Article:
Book Title: The Deep Blue Between
Author: Ayesha Harruna Attah
Publisher: PUSHKIN PRESS
Category: Children’s Books.
Pages: 256 pages
Book Review [spoilers free]
The Deep Blue Between is a tale of two sisters who got alienated after a raid incident that occured. (I wouldn’t want to serve you all the sweetness of this book, because you deserve the first time experience in full)
Was this book a page turner to me?
Well, I didn’t plan on reading this book during september, which was the month I got it delivered to me. I felt next month would be much better since it would be publish in October. But then, I decided to take a look at the first page paragraph and that was how I fell for it.
This book was like a magnet attraction, I couldn’t stop and that is to say; it was absolutely a page turner.
Interweaving between West Africa, South America, Europe and profuse in African history/tradition, sisterhood, syncretic Afro-Brazilian religion, culture and precolonial era.
This Young Adult fiction is quite different from the regular reads relating to this genre that we get to see. It had some theme often not seen a regular YA novel.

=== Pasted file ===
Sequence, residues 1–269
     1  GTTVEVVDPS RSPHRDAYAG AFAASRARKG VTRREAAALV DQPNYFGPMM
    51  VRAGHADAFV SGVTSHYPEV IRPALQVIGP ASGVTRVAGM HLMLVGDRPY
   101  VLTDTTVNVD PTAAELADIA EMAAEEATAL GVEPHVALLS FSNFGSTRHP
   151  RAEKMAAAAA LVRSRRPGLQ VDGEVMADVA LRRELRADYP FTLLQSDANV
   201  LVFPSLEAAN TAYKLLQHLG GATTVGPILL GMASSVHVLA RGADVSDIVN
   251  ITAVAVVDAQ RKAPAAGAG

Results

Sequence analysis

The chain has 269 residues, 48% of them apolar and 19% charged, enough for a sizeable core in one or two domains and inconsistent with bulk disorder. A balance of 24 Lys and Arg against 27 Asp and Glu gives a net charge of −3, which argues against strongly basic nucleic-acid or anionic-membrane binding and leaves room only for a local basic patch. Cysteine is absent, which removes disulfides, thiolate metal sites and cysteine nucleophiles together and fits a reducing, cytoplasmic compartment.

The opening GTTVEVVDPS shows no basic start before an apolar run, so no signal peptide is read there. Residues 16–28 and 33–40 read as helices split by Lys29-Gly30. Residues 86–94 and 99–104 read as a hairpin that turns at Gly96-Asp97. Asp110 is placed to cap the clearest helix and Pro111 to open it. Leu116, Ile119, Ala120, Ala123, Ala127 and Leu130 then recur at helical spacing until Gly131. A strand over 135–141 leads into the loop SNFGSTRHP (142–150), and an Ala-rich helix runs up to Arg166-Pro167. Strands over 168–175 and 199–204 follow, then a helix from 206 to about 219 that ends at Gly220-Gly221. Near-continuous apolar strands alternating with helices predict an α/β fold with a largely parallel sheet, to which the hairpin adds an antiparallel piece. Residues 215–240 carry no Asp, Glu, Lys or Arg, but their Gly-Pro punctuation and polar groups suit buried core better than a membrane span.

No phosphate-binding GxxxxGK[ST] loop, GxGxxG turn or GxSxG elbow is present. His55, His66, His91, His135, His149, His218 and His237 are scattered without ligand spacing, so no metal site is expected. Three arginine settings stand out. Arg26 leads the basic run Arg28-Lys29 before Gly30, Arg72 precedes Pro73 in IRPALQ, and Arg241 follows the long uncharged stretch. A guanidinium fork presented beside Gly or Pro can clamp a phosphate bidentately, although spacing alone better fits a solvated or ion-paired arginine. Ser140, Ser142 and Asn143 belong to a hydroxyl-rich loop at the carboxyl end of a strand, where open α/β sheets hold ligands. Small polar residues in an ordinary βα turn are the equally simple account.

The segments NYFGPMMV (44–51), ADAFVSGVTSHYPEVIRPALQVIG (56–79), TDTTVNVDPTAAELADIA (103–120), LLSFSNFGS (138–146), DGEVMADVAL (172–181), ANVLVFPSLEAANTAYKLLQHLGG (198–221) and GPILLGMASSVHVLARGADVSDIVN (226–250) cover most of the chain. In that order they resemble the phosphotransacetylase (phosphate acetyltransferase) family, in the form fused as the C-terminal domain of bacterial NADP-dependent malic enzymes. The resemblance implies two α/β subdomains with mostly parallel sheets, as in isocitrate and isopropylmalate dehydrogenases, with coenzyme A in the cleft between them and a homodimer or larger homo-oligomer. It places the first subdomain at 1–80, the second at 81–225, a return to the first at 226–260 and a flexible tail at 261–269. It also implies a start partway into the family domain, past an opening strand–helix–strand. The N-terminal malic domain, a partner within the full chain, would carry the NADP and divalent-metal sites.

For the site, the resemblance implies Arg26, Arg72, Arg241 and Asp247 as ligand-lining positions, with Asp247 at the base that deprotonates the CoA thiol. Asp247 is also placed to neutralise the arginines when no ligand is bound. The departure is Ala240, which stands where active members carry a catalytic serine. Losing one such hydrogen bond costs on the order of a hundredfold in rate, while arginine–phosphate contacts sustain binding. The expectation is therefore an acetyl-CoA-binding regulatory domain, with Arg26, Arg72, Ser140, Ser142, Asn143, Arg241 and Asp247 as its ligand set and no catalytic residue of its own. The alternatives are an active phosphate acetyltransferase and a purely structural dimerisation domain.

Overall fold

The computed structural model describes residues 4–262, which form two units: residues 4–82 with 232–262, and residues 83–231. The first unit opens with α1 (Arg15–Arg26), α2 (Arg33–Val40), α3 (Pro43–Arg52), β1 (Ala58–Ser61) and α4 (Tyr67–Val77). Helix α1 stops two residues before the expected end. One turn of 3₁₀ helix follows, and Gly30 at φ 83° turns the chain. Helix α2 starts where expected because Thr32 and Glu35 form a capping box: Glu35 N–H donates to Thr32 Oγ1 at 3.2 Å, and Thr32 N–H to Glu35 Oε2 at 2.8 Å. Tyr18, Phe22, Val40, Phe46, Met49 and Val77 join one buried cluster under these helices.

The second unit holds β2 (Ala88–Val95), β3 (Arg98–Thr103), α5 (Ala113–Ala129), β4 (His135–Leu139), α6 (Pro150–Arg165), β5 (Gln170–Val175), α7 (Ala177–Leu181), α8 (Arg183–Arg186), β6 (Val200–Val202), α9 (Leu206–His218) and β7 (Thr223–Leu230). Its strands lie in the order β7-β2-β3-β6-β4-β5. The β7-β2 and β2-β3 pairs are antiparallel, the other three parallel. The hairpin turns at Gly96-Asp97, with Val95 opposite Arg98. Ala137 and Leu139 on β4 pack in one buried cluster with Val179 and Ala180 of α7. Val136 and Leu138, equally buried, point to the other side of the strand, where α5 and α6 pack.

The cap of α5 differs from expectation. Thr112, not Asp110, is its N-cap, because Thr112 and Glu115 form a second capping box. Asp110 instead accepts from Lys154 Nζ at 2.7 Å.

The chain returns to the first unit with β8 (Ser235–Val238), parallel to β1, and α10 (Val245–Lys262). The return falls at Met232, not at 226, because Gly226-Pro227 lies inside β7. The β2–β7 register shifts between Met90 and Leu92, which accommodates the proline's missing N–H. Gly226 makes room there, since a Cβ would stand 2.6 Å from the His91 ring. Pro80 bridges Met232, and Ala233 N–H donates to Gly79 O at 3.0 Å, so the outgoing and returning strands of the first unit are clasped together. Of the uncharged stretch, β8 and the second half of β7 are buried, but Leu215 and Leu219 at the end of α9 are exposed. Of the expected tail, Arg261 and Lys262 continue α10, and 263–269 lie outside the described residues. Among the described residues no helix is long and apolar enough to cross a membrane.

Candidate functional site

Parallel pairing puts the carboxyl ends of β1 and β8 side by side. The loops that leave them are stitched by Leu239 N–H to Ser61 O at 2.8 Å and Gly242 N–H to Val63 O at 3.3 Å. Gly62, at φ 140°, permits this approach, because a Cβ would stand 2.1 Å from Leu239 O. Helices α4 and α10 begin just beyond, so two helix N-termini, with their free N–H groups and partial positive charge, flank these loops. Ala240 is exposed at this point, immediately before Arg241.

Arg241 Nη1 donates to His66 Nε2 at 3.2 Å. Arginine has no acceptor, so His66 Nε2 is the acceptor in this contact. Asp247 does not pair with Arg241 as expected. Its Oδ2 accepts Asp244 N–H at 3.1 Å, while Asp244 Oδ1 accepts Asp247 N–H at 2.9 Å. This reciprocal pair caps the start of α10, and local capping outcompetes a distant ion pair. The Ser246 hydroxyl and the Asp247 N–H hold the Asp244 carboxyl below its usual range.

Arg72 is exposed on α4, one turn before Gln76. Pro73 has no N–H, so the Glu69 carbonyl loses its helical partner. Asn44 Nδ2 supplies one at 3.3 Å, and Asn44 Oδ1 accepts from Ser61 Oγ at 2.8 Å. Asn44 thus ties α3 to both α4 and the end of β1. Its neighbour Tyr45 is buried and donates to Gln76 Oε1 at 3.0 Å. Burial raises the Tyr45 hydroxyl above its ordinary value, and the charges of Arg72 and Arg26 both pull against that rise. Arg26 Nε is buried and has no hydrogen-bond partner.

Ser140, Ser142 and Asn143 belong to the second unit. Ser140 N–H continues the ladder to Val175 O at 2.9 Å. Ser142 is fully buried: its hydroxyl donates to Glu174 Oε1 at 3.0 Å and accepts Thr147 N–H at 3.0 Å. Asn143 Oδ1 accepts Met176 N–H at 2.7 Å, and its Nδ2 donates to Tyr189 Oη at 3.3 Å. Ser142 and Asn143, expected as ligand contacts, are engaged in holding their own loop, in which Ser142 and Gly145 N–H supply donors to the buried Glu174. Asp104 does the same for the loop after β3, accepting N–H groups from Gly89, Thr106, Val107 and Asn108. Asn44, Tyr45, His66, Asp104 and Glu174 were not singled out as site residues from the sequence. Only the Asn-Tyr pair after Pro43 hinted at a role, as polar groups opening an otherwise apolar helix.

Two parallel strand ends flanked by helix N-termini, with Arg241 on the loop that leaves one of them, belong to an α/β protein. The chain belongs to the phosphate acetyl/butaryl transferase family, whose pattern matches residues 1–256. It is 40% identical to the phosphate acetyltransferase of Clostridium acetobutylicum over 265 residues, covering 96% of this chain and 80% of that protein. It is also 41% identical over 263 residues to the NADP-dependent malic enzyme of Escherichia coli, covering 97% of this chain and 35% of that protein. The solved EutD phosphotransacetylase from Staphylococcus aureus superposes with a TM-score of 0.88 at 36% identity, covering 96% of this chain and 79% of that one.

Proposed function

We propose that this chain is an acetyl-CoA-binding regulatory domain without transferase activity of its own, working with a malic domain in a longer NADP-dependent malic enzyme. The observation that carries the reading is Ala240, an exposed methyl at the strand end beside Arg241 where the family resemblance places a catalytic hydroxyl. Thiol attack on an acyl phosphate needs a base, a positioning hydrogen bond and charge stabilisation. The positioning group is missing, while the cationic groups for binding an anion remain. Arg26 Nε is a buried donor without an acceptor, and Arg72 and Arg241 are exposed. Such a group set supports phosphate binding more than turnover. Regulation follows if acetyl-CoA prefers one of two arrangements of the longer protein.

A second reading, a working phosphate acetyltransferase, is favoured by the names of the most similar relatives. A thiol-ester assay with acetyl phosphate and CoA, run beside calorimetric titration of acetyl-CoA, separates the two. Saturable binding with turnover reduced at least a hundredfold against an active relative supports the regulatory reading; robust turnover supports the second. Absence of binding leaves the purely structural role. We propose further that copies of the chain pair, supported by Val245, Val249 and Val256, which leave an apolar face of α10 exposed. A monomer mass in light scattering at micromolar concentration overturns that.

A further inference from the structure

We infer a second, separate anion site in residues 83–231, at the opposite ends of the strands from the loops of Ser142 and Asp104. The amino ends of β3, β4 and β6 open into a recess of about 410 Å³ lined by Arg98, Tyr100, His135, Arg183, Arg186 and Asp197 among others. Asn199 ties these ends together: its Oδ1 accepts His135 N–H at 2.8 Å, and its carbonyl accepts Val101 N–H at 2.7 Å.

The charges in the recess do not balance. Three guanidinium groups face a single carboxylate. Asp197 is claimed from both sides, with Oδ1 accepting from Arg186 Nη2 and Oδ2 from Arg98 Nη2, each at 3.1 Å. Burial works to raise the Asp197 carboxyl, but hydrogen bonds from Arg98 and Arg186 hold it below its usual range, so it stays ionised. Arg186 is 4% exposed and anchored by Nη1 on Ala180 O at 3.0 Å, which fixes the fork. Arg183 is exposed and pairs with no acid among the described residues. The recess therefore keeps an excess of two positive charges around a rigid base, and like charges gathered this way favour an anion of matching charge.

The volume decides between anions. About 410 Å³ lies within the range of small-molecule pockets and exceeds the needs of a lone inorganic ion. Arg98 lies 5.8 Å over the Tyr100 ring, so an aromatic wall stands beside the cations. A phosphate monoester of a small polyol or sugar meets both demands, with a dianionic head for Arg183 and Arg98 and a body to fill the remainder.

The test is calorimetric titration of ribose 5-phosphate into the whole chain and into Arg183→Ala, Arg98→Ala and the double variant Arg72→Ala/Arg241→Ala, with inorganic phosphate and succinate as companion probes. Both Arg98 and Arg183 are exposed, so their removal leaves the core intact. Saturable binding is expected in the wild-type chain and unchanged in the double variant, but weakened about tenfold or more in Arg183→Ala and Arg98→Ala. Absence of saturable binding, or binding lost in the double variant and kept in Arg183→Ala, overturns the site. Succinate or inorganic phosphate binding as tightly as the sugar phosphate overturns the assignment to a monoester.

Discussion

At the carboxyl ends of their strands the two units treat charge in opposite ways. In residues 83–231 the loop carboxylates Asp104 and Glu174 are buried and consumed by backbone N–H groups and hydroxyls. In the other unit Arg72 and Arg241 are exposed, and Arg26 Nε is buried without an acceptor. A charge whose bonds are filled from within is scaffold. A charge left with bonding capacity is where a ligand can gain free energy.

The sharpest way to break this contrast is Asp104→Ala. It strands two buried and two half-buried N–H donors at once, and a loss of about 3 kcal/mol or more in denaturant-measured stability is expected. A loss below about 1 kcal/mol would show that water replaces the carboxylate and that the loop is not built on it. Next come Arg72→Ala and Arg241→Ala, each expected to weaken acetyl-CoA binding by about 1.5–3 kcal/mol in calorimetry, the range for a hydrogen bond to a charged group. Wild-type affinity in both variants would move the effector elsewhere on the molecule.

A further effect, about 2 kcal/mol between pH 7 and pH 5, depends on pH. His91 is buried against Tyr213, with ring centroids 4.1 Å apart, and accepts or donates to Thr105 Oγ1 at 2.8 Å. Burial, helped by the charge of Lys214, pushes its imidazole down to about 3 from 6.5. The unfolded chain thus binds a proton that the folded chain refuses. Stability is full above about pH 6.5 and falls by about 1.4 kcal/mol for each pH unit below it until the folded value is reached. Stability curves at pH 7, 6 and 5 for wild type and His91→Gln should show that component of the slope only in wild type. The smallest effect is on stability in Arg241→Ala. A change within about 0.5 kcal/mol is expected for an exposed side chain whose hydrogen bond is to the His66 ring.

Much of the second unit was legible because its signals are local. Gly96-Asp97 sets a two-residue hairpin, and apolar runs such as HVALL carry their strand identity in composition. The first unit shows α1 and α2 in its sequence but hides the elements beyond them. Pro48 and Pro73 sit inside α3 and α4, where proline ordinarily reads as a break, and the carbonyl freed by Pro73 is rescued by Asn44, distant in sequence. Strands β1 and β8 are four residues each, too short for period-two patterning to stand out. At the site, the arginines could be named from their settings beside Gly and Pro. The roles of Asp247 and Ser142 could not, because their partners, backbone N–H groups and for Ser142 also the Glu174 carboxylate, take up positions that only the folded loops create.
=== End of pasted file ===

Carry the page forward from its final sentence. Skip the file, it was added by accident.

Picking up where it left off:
This read was educative and descriptive, giving raise to me researching which was worth it.
On the main protagonists, When I thought I longing for more of Hassana’s story, I equally found myself doing so for Hosseina’s story too, though the detailed description made it happened.
The connection between both, was magical and I liked how they handled what life threw at them, giving the circumstances.
I got some quote worthy of highlighting personally.
I do recommend this novel to be read.
Ayesha Harruna Attah is a Ghanaian-born writer living in Senegal. She was educated at Mount Holyoke College, Columbia University and New York University. She is the author of the Commonwealth Writers Prize-nominated Harmattan Rain, Saturdays Shadows and The Hundred Wells of Salaga, currently translated into four languages. Her writing has appeared in the New York Times, New York Times Magazine, Elle Italia, Asymptote and the 2010 Caine Prize Writers’ Anthology. This is her first book for teen readers.